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Catastrophic expenditure and impoverishment of patients affected by 7 rare diseases in China
Orphanet Journal of Rare Diseases volume 11, Article number: 74 (2016)
China is actively promoting regulation of rare diseases, rare disease and orphan drugs have been formally incorporated into the national planning. However, few studies have been done to evaluate the affordability of rare disease patients in China. This study aims to provide policy recommendations for the establishment of social security mechanism for rare diseases in China, so as to address the problem of poverty caused by these diseases.
A total of 7 rare diseases were selected by Delphi method. Affordability of treatment for the 7 rare diseases was assessed through annual per capital income, catastrophic expenditure and impoverishment expenditure among urban and rural residents in China.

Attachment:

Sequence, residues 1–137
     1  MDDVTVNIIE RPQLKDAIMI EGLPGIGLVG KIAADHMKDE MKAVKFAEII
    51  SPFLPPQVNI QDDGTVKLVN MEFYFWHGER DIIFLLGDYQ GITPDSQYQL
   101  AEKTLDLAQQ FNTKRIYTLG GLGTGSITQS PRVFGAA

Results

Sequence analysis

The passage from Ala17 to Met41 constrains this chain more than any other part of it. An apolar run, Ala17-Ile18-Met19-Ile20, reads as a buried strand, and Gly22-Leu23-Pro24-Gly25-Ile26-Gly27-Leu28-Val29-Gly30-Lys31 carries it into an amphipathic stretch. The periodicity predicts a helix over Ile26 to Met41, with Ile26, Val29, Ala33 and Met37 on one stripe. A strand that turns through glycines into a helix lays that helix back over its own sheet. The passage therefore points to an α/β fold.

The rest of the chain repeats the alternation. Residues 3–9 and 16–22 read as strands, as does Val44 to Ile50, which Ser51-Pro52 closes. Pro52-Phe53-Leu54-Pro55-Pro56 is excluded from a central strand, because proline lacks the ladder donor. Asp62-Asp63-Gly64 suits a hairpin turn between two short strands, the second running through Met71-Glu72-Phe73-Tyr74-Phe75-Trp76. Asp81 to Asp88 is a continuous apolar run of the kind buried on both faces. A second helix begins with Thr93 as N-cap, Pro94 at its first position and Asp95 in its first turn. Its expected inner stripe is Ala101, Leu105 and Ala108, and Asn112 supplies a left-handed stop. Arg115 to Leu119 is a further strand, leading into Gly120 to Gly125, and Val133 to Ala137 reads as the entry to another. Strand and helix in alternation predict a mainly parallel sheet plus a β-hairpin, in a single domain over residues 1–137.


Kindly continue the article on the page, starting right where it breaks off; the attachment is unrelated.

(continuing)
Assessed through annual per capital income, health expenditure for the 7 rare diseases are all rather high. The highest health expenditure is equivalent to income of 69.34 years of one urban resident, and the burden is heavier for rural residents. Through catastrophic expenditure assessment, proportions of the population experiencing catastrophic expenditure caused by the 7 rare diseases are all under 0.167 ‰. However, once one is ill and taking medications, he will suffer from catastrophic health expenditure. Through impoverishment expenditure assessment, the proportions of impoverishment payment are low among both urban and rural residents, but the 7 rare diseases could lead nearly 4.6 million people into poverty on a national scale.
The affordability of treatment for rare disease as well as orphan drugs is rather poor. Residents of different income levels all have difficulties to afford the treatment for rare diseases, so poverty caused by rare diseases is quite widespread. Therefore, social security mechanism for rare disease patients should be established and specific payment pattern for orphan drugs should be set up.